Japan’s 10-year bond yield doubled from 0.45 percent to 0.93 percent in the two months between April 4 and May 30.
Japanese Prime Minister Shinzo Abe’s unlimited quantitative easing has led to massive capital outflows and an all-time high trade deficit in January.
If the US Federal Reserve’s withdrawal further pushes up the interest rates, smart investors might rush to sell their Japanese equities, triggering enormous volatility and sparking a stock market crash worldwide.
Japan never recovered after the yen bubble burst in the early 1990s.
Soon after the 2011 Fukushima Dai-ichi nuclear disaster, which nearly ruined eastern Japan, Abe went crazy printing money to stimulate domestic consumption and exports. He turned a deaf ear to the fact that printing money without the required structural changes cannot sustain a real recovery. Adding liquidity alone is merely adding market volatility.
Japan cannot directly replicate the US model of increasing liquidity, because the world trusts US global dominance, while Japan is only a subset of the system.
Moreover, Japan’s public debt is double that of the US. Smart investors prefer Obama’s structural reforms over Abe’s bushido and samurai seppuku.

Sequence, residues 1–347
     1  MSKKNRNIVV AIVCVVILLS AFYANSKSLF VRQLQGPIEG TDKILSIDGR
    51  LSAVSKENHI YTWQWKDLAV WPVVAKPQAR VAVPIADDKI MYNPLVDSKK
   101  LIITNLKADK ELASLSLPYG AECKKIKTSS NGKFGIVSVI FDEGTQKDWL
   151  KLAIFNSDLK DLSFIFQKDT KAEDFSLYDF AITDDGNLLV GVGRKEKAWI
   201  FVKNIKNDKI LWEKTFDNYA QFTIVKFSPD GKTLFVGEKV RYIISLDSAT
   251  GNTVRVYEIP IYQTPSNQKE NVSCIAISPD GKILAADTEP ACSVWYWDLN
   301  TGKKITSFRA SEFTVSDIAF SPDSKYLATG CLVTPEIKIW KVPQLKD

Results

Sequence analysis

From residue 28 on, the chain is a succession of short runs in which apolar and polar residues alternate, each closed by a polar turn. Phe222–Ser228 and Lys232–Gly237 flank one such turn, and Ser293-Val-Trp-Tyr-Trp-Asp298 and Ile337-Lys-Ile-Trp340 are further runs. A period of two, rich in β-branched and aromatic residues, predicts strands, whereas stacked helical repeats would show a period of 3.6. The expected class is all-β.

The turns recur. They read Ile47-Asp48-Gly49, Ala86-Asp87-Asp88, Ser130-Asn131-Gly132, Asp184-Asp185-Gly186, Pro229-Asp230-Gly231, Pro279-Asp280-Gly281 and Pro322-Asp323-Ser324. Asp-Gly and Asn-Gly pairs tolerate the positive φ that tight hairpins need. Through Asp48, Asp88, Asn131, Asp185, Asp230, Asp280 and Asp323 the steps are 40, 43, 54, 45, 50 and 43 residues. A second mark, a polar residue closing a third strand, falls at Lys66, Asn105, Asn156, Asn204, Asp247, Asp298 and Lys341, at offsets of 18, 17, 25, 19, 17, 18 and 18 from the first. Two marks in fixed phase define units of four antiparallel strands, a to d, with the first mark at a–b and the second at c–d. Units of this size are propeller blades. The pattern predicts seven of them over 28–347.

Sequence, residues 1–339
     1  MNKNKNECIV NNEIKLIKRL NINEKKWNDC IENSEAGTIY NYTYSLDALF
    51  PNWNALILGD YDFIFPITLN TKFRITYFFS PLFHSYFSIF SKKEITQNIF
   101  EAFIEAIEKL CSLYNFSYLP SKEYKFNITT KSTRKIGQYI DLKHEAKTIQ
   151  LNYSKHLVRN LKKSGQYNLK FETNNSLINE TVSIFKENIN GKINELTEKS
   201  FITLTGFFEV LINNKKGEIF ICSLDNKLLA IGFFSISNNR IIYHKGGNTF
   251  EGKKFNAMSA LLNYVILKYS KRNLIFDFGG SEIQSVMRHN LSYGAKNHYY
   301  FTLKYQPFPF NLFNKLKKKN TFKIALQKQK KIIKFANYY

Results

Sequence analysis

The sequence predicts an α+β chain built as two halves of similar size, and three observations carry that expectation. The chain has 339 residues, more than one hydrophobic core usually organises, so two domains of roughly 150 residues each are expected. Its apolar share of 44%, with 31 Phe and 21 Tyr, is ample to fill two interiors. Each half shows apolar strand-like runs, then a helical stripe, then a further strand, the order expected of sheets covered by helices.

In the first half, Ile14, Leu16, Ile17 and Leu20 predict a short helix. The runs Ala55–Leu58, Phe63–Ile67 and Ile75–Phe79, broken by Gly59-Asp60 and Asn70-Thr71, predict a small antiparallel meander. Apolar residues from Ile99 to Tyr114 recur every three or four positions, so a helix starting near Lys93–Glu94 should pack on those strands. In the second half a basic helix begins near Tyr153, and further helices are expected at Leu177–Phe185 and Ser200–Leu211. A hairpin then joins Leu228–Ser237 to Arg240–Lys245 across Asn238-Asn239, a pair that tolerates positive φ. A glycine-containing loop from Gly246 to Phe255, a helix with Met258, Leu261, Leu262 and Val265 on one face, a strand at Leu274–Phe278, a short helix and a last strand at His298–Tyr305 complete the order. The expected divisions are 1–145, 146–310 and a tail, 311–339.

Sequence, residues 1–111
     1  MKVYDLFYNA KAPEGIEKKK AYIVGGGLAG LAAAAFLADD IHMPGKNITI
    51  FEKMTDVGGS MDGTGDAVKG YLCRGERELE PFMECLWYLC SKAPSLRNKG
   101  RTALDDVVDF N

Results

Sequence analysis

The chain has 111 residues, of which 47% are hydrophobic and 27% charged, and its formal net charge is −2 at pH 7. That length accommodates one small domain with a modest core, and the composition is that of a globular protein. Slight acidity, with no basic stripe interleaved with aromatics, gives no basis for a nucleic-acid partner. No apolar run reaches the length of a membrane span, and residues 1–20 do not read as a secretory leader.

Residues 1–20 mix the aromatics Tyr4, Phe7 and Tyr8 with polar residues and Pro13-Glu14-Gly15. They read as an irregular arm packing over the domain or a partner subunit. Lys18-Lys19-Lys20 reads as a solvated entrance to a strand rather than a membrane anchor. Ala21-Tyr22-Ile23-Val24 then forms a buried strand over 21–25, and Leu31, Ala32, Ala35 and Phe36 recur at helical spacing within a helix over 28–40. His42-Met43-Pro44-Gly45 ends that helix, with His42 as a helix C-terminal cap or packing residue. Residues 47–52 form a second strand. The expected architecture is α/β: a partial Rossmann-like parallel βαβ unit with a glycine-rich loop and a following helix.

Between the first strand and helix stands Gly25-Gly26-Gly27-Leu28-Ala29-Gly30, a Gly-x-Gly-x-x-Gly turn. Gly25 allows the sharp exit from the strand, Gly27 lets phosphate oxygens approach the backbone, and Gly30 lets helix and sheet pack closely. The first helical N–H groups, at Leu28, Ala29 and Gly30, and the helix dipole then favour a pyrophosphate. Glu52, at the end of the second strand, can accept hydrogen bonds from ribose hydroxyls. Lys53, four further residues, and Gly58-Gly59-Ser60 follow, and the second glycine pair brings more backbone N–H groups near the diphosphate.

The US jobless rate, consumer confidence and personal consumption are improving, and GDP is picking up.
The US is stabilizing, but China is weakening and Germany is falling. Figures from the US Bureau of Labor Statistics in April show the US Consumer Price Index for all items excluding food and energy increased 1.7 percent over the past 12 months.
The food index rose 1.5 percent, while the energy index declined 4.3 percent.
The S&P Case-Shiller house price index (Composite-20, SPCS20R) has returned to the 2003 level and it is more than 70 percent of its mid-2006 peak.
In addition to the sharp de-leveraging following the 2008 subprime turmoil, the massive low-cost liquidity by Europe and Japan have strengthened the US dollar. The US is regaining momentum.
However, Japan’s bold attempt might bring back volatility.
From October last year to last month, the Nikkei 225 index climbed 73 percent.
Investors are getting too bullish about Japan’s quick revitalization after decades of losses.
“Our economy is on a steady path to recovery” Bank of Japan Governor Haruhiko Kuroda said.
Shinzo Abe is launching another round of stimulus measures very soon. This has exaggerated the demand of Japan’s aging population.
Japan is the oldest among the world’s top 10 economies. Its median age is 45.4 and the aging population outpaces growth of younger generations. There are huge public debts for the new generation to repay yet.
In short, only drastic, massive and fundamental structural reforms can revitalize Japan’s debt-ridden stagnant economy.
“Zombie bank” problems have to be cleared and deteriorating productivity must be rebuilt. The Japanese mind-set has to change.
Jack Yeung is a business lecturer at the Community College of Hong Kong’s City University.